February 26, 2020
When you hear Antonin Reicha’s music, it sounds like it “should” be famous. Reicha, along with Beethoven and Schubert, studied with Salieri and Albrechtsberger. He became a longtime friend of Beethoven, and was best known for a significant contribution to the wind quintet literature. He taught some Romantic heavyweights: Franz Liszt, Hector Berlioz, and César Franck. He also excelled at music theory and wrote a great deal of literature on the subject.
More than once, Reicha’s life was thrown into upheaval by war, causing him to flee whatever city he was currently residing in (he’s lived in Prague, Bonn, Vienna, and Paris). I think he was more of a musical theorist than composer or performer, because unlike any composer I’ve ever met, he wasn’t keen on seeking out performances of his works, nor concerned himself with getting his works published. That would explain his obscurity, and why he didn’t become as well-known as I believe he would have. Other composers, such as Clementi, were much more aggressive about having their works published, and it worked – they are played to this day. It’s a shame Reicha isn’t a standard, well-known classical composer – check him out. There are a quite a few posts on YouTube, and we’re richer for it.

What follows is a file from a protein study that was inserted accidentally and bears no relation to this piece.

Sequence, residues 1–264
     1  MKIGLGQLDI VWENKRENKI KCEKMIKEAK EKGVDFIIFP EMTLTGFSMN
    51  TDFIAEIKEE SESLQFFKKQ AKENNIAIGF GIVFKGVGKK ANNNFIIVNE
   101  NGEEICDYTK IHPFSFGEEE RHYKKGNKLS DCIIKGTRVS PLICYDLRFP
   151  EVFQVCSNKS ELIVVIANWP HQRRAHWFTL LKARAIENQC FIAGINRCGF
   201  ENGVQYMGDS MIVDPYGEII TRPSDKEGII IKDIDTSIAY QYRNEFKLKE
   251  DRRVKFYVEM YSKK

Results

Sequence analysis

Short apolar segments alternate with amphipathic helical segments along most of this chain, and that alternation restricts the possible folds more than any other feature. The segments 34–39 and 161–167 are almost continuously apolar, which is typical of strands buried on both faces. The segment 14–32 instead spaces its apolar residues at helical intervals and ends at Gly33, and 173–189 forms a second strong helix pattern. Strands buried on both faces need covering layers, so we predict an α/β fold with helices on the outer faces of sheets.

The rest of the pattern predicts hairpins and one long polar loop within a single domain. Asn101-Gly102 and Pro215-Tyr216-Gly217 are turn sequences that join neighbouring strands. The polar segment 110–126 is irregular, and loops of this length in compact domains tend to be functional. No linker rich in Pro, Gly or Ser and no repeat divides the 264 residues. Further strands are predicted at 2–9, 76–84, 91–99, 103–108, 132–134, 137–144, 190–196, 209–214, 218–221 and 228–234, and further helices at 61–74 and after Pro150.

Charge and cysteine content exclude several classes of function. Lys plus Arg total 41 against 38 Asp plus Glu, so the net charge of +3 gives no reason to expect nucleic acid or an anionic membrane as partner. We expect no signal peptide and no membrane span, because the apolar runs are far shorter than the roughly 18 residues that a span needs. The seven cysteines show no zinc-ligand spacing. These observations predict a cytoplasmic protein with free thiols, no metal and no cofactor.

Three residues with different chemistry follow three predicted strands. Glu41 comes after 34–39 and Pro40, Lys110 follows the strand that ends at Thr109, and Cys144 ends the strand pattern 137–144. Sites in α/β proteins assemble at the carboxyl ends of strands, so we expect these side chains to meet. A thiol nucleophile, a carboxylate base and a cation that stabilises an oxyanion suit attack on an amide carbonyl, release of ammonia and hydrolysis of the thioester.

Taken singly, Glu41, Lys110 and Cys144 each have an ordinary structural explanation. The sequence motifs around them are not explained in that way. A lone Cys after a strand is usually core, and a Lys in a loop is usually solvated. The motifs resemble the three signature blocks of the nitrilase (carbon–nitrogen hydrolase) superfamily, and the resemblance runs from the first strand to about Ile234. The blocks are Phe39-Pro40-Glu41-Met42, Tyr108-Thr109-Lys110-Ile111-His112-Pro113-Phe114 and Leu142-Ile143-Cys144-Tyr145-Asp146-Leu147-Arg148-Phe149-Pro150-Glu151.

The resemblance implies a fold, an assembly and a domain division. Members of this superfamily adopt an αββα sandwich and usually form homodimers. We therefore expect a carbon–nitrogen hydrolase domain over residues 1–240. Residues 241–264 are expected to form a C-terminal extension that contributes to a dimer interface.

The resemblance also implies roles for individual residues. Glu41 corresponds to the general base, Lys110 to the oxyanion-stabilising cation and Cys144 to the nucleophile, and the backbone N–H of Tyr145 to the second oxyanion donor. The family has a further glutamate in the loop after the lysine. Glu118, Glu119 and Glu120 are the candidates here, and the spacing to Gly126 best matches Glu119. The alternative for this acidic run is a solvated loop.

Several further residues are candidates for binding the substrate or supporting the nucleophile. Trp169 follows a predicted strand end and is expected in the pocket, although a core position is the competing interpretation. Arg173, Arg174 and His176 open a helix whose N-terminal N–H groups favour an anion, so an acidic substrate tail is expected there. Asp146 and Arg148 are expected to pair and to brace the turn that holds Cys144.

Here’s the Octet in E-flat major Op. 96 (1806).
Antonin Reicha was born February 26, 1770 in Prague, Bohemia (now the Czech Republic), and died in May 28, 1836, in Paris, France.